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P.A.R.A. and Zettelkasten Experiment

Recently I decided to do something about my notes and notetaking methods.

Up until a few weeks ago, my notes were an increasingly unwieldy pile of .txt files. I was using Slack as a blackhole means of getting the odd link from my phone to my laptop.

It wasn’t great. Notes were seldom revisited. The majority of things put into Slack remained there…

So I thought about how to better the situation. Not for very long it turned out, as I was quick to reach the conclusion: I should start using a notetaking app again.

I should use an app designed for notetaking because then I can use the same thing on my phone and laptop. Provided I find a multi-platform app, of course. That should avoid the transferring of snippets out of Slack and into somewhere else. “That should address one of the problems I recognised” I figured.

I’ve used a specific notetaking app in the past, but I wanted to see what else was out there, since that was a few years ago now. So I set out in search of notetaking apps. While searching I found a couple of very interesting things. Not everybody will agree with that, but it seems there are some people out there who are very in to notetaking. I am certainly more interested in the topic than I used to be.

What I found was P.A.R.A. and Zettelkasten.

P.A.R.A. is a method for organizing digital notes and stuff, developed by Tiago Forte. P.A.R.A. is part of his online course Building a Second Brain.

Zettelkasten is a notetaking method used in research. It’s history starts long before the Internet and it is well known as something Niklas Luhmann used. There is a lively community of enthusiasts at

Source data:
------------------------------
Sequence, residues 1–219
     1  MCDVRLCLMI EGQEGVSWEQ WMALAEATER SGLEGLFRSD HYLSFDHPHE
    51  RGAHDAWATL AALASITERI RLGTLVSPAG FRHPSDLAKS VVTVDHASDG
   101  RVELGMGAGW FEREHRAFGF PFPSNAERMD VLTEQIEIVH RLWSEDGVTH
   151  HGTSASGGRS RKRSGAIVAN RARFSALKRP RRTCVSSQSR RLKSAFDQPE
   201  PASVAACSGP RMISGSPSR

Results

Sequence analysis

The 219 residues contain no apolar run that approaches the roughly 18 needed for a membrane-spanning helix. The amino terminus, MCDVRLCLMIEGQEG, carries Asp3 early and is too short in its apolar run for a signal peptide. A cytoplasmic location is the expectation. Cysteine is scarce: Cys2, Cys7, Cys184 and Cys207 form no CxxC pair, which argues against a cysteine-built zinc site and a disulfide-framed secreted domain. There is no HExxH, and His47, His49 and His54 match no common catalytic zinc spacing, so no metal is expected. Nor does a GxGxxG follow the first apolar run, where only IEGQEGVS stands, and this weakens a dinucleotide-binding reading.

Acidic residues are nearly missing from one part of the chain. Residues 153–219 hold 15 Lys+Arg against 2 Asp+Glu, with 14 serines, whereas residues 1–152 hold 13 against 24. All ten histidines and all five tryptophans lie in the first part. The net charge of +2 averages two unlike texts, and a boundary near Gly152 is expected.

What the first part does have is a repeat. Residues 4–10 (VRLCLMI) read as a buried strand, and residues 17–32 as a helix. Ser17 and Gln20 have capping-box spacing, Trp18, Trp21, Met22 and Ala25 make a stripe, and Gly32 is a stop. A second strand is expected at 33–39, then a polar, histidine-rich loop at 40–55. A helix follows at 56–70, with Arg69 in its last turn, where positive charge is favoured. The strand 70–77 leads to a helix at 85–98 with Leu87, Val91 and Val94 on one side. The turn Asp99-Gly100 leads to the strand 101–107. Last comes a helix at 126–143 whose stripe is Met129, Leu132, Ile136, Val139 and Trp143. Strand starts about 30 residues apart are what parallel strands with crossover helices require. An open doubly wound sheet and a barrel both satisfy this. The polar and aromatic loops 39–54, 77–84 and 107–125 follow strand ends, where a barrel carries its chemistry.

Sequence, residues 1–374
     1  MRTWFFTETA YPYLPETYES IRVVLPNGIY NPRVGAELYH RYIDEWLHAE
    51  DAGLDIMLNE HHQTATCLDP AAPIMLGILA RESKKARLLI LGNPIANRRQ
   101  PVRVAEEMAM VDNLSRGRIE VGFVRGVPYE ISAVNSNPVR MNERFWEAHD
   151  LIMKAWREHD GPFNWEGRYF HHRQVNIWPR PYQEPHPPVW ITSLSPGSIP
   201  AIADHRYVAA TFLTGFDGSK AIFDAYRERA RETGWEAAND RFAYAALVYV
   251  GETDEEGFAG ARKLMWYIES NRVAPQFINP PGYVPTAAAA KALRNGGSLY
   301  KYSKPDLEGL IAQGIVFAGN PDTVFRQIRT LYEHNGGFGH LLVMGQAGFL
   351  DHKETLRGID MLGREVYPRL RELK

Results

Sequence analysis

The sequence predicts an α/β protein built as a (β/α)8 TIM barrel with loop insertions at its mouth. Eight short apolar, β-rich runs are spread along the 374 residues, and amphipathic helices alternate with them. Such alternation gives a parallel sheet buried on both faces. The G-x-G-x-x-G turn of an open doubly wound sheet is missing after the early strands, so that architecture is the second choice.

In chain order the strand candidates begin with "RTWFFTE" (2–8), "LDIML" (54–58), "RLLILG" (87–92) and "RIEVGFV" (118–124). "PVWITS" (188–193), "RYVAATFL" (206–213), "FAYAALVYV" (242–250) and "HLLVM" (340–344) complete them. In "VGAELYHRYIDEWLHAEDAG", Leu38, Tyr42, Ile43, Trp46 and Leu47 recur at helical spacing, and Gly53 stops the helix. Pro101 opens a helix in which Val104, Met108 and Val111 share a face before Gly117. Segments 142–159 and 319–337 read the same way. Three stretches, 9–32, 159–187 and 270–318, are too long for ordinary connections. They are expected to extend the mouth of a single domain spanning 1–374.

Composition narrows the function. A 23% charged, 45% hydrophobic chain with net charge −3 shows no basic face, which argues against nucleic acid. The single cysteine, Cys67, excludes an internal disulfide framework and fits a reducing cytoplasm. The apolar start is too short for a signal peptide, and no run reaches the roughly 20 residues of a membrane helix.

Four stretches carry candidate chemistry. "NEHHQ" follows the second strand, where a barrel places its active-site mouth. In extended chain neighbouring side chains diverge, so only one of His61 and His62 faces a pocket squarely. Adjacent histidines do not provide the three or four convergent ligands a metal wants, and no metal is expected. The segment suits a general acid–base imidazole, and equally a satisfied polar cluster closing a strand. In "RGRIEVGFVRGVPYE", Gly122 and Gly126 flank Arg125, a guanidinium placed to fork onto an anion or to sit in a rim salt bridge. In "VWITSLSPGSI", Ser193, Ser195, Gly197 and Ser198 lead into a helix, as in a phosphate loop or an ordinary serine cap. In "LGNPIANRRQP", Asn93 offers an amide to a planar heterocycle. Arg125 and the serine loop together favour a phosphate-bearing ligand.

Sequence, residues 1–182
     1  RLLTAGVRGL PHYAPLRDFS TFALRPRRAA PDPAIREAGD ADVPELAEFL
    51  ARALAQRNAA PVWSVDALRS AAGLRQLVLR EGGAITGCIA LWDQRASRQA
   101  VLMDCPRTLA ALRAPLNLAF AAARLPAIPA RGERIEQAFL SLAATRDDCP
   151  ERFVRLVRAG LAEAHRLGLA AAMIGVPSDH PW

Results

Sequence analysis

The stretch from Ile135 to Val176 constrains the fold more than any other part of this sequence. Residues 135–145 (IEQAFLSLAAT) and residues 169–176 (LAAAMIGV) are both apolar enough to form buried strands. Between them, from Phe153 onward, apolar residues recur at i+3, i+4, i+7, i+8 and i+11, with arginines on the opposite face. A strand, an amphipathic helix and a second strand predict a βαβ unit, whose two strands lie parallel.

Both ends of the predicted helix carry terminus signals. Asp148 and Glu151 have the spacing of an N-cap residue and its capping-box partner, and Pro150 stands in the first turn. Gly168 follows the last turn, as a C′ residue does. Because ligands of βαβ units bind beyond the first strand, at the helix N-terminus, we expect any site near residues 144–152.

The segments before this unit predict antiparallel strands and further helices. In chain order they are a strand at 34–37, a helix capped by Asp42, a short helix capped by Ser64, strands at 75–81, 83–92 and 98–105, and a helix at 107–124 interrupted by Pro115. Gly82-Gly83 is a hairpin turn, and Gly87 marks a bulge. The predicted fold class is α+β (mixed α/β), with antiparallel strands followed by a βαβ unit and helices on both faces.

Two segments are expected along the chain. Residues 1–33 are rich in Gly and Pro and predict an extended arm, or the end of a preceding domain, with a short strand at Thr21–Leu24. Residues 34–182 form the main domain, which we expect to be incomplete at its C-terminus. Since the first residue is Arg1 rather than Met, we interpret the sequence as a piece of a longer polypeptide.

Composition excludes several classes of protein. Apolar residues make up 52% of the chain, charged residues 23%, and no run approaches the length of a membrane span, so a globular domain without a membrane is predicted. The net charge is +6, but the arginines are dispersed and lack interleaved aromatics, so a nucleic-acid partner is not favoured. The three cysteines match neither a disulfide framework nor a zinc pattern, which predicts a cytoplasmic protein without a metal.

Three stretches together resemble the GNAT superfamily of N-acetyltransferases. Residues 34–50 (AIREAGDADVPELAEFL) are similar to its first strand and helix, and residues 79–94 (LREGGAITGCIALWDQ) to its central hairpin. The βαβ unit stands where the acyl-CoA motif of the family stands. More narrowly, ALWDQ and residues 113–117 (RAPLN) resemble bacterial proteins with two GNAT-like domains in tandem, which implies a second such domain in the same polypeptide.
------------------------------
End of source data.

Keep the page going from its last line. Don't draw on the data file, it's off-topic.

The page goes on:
P.A.R.A. and Zettelkasten #

Interesting, right?

So interesting I thought, that I compelled myself to use it as an excuse to get writing. “I should write a little something about this” I thought.

As I read more, the idea developed and started taking shape. “I should write about The Terrible-Before-Times, discovering P.A.R.A. and Zettelkasten, talk about them for a bit, then The Great-After-Times.”

But there was a problem. I have only just discovered them in the last few weeks. I have barely started trying to use them. So the last part about The Great-After-Times wouldn’t have had much to say beyond “It looks like I’m going to like them.”

So I decided to postpone writing that blog post, and instead write something shorter. I still wanted something to mark the beginning of my adventure, and my experiment.

(The next part isn’t going to make much sense if you didn’t follow my P.A.R.A. and Zettelkasten links for more context. Sorry for my misleading subheading that suggested you might get a deeper description!)

What is my experiment? #

In short:

can the R of my P.A.R.A. be my Zettelkasten?

There is a bit of an opposing idea between the two, but they both resonated with me. The relatively minimal structuring of P.A.R.A. and notes having an appropriate place. The networked and unstructured (but not entirely unstructured) paradigm of the Zettelkasten world. I started to wonder if I could make use of a little from column A, and a little from column B…

After I had the experiment idea, I decided I should postpone my blog post idea and instead write this post first.

So here we are, at the end of my shorter initial blog post.

(Almost at the end.)

What is next? #

Another blog post - more about my notetaking app search.

I became a bit unsure of the first app I used and started looking for a second. I made a list of the features I wanted from a notetaking app to aid my thinking. So my next blog post will be a non-comprehensive comparison of the two apps based off my list.

Update: next blog post is here

More #

Here are some of the other things I’ve read lately, which all have been greatly inspiring:

The Notetaking Cold War

‐ Dan Shipper

Progressive Summarization

‐ Tiago Forte

Create a Zettelkasten for your Notes to Improve Thinking and Writing

‐ Christian Tietze

The Collector’s Fallacy

‐ Christian Tietze

The Zettelkasten Method

‐ Abram Demski

How to Make a Complete Map of Every Thought You Think

‐ Lion Kimbro

A Few Improvements to my Evernote Organization

‐ Andrea Mocko

Remembering what you Read: Zettelkasten vs P.A.R.A.

‐ Zain Rizvi

Header image mutated from novecentino on flickr.